ENDitorial: Malmström seeks to distance from blocking as criticism grows

By EDRi · May 19, 2010

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Deutsch: [ENDitorial: Nach wachsender Kritik versucht sich Malmström von Neztsperren zu distanzieren | http://www.unwatched.org/node/1939]

Over the last two weeks, Commissioner Malmström has made several determined
efforts to distance herself from Internet blocking and related policies
supported by her and her services.

In June of last year, DG Justice, Freedom and Security (which is now under
Commissioner Malmström’s responsibility) proposed Internet blocking as well
as revoking of IP addresses and domain names. When the same policies were
copied and pasted into a Council of Ministers document recently,
Commissioner Malmström used her blog to present this as proof that that
these proposals were not hers and, oddly, that it is too early for the
Commission to fully understand what the Council meant when it put forward
these ideas.

The Commissioner also tried to argue in a recent meeting of the Civil
Liberties Committee meeting that blocking, which was launched by her
services under her leadership, is not just her policy, but that of the
Commission as a whole (which is, of course, true, due to the “collegial”
nature of the institution). In order to encourage this impression she has
been trying to persuade her Liberal colleague Neelie Kroes to add blocking
to the Digital Agenda, even though it was not mentioned in any version up
until shortly before publication. In the end, Commissioner Kroes chose not
to include unequivocal support for blocking in the document – although
probably because it would have been incongruous rather than due to any lack
of support for her colleague.

One of the reasons for Commissioner Malmström’s desire to distance herself
from this measure may be the European Data Protection Supervisor’s (EDPS)
recent Opinion on the proposal. While being critical of the measure in
general, as well as its possible implications, the EDPS made a point of
condemning the lawless, privatised restrictions on freedom of communication
that have been publicly supported by the Commissioner. In a criticism that
goes far beyond Internet blocking and which has major implications for the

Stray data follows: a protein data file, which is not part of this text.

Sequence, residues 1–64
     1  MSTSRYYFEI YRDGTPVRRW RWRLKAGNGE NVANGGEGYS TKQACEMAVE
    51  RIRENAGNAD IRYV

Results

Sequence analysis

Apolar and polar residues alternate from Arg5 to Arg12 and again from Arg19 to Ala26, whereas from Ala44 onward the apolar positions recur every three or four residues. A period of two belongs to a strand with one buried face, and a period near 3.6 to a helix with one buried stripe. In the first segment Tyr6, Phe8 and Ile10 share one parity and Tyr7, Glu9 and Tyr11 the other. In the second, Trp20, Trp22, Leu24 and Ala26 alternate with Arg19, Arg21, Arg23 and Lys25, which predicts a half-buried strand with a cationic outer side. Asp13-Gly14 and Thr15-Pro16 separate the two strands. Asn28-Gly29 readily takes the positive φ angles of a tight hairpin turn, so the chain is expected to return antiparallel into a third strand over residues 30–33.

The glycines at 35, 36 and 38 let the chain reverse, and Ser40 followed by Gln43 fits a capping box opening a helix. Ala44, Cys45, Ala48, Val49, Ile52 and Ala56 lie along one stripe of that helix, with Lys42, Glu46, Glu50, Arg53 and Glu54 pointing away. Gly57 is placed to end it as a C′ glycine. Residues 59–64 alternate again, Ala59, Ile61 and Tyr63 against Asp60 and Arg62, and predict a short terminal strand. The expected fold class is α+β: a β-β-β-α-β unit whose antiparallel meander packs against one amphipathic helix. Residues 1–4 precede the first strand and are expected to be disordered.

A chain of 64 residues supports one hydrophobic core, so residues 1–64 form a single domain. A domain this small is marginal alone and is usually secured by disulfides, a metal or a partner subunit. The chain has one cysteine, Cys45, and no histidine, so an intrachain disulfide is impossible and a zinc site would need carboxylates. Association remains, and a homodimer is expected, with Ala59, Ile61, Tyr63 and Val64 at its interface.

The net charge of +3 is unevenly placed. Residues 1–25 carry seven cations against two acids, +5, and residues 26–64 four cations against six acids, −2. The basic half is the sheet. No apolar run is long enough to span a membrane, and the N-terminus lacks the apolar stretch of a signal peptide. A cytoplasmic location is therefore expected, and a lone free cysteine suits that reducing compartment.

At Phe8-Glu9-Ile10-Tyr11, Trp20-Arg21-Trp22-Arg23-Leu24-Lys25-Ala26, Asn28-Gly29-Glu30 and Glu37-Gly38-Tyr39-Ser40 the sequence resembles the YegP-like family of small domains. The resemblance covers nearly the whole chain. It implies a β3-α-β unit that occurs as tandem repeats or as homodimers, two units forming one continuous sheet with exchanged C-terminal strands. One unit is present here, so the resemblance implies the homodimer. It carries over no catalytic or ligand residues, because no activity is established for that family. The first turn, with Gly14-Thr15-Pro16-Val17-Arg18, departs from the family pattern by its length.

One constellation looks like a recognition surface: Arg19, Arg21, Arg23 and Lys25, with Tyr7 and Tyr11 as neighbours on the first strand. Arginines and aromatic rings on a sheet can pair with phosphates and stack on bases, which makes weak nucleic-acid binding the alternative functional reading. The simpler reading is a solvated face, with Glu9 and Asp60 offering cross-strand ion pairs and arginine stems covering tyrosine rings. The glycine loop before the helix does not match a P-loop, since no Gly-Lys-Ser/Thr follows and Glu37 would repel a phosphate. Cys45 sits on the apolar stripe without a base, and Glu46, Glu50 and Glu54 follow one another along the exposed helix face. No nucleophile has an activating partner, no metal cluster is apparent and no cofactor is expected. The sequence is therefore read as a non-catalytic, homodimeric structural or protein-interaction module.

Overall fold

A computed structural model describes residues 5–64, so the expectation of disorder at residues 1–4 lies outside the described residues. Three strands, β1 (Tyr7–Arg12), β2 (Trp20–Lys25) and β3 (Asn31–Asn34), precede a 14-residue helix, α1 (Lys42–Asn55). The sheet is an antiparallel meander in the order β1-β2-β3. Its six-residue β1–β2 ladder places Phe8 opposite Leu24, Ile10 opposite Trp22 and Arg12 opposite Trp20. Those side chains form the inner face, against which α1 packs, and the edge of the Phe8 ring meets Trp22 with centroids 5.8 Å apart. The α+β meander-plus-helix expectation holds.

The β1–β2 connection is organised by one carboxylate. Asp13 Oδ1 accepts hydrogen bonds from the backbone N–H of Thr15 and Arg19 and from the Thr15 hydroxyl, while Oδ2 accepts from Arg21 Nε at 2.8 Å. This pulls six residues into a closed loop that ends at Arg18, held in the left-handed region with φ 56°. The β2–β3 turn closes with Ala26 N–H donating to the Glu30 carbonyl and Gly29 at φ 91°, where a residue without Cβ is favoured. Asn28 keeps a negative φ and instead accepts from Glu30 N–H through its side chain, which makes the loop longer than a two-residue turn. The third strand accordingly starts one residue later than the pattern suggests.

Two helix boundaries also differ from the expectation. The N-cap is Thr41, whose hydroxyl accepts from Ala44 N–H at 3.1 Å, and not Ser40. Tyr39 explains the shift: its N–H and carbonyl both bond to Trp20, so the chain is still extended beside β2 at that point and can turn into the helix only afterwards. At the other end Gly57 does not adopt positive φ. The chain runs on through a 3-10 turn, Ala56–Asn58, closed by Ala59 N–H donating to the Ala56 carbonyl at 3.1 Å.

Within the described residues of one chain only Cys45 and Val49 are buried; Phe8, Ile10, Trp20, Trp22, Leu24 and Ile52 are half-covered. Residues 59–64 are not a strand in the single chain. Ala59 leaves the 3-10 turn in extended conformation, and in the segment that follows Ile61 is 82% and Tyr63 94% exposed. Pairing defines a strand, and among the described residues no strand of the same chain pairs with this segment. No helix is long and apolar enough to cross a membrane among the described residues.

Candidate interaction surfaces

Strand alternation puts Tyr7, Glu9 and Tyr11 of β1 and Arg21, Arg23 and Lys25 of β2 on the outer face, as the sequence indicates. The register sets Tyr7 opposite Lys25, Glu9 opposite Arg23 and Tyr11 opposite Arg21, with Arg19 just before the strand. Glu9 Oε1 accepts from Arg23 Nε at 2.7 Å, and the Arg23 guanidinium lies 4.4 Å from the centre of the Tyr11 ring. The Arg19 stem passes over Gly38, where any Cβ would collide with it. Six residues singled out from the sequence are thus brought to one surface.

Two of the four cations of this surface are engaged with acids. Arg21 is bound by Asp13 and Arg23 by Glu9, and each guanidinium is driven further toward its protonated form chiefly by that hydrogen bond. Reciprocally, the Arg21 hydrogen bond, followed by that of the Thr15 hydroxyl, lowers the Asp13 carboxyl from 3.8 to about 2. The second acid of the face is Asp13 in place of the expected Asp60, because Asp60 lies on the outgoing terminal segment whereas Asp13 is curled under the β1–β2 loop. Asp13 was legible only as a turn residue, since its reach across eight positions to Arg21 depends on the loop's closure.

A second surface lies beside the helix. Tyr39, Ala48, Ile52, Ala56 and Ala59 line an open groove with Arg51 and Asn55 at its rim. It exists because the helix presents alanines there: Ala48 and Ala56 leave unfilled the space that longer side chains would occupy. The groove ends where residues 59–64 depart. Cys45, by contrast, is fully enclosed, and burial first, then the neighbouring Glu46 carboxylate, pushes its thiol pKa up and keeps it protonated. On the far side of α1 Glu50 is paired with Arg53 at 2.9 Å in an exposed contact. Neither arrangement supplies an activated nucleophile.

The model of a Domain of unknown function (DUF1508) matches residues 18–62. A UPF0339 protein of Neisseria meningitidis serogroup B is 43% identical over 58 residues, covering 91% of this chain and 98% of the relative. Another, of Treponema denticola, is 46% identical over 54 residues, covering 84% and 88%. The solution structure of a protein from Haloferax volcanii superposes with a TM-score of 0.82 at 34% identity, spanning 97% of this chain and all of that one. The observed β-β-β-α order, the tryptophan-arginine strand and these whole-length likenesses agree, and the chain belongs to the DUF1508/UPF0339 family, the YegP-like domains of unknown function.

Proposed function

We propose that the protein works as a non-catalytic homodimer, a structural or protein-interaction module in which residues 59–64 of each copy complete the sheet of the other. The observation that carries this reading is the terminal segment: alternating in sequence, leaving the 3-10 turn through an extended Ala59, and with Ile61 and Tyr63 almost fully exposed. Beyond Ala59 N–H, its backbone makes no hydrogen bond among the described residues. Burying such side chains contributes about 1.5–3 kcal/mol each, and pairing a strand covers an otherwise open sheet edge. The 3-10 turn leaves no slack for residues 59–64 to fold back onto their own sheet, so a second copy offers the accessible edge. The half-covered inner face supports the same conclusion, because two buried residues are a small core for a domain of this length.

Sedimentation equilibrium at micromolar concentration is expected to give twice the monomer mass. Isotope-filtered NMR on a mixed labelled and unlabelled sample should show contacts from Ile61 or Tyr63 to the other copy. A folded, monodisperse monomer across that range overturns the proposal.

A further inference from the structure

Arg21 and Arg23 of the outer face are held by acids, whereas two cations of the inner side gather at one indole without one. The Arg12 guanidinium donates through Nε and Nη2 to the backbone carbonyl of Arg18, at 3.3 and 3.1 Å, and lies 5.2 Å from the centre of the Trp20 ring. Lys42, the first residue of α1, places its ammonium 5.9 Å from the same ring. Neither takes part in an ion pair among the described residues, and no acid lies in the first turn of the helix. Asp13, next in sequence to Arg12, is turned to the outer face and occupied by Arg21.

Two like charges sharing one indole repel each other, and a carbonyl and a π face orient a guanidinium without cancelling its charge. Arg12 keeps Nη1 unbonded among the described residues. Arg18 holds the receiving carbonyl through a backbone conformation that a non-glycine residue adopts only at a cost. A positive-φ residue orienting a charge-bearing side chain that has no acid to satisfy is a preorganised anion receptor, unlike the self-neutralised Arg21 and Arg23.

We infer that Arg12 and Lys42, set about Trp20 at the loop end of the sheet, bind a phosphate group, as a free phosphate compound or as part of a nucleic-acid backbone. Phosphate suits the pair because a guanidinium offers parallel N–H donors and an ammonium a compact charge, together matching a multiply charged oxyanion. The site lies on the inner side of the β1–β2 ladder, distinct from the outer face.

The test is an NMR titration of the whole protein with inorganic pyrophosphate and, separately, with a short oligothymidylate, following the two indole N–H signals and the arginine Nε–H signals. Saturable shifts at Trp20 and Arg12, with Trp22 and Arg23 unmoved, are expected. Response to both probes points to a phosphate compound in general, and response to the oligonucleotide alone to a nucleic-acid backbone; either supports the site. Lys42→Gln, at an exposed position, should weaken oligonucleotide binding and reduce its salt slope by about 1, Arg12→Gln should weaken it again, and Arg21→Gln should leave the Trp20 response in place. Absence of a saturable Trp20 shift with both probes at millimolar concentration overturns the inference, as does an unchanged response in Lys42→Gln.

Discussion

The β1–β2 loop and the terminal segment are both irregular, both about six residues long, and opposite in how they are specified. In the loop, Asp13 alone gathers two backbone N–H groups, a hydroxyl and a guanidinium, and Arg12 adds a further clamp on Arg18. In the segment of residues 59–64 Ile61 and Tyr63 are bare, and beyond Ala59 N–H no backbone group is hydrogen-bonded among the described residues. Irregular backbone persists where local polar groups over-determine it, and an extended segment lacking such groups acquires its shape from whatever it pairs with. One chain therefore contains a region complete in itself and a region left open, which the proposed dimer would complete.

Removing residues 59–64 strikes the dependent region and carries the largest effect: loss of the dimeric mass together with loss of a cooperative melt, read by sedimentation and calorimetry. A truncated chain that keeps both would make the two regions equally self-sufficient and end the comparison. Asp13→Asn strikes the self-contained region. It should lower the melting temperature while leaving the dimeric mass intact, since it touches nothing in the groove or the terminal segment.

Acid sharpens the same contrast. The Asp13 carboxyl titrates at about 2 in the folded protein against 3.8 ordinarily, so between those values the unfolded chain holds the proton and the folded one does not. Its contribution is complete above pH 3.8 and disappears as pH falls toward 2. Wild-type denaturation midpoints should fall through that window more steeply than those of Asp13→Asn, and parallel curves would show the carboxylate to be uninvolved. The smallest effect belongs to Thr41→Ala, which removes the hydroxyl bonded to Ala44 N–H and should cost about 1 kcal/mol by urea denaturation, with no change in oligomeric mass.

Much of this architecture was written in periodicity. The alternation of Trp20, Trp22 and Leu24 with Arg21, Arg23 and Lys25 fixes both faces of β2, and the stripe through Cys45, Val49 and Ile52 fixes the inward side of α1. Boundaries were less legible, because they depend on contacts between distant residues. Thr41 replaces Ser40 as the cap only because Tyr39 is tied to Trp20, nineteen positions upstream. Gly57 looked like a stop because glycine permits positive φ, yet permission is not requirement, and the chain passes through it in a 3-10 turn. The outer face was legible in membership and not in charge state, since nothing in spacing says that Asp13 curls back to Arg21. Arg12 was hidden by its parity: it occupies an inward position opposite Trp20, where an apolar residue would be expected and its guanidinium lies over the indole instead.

“self-regulatory” approaches proposed by the Commission, which aim to push
Internet Service Providers into proactive Internet police, he stressed “that
a code of conduct or voluntary guidelines would not bring enough legal

While Commissioner Malmström is focusing on the symptom (websites containing
illegal material), Commissioner Reding (who has responsibility for child
rights) has taken the initiative to launch a dialogue with the United States
authorities to ensure that the worst child abuse material is taken offline
as soon as possible. Following the crackdown on such material in Russia
after pressure from the EU, positive cooperation with the United States
would be a major step forward in dealing with web-based abuse material.

In the European Parliament, this week will see the first meeting of the MEP
responsible for the blocking dossier (Roberta Angelilli, EPP, Italy)(the
“rapporteur”, in Eurospeak) with the MEPs responsible for the dossier from
each of the other political groups (“shadow rapporteurs”). The nature of
these discussions will set the scene for the ultimate compromises that will
be achieved by the Parliament when adopting the legislation.

Commissioner’s blog (Swedish)

Håll ordning på anklagelserna

Commissioner’s blog (machine translation – English)

Commission’s June 2009 proposal

Council Conclusions:

EDPS Opinion on the proposal for a Directive of the European Parliament and
of the Council on combating the sexual abuse, sexual exploitation of
children and child pornography, repealing Framework Decision 2004/68/JHA

US, EU against Internet child porn (10.04.2010)

(Contribution by Joe McNamee – EDRi)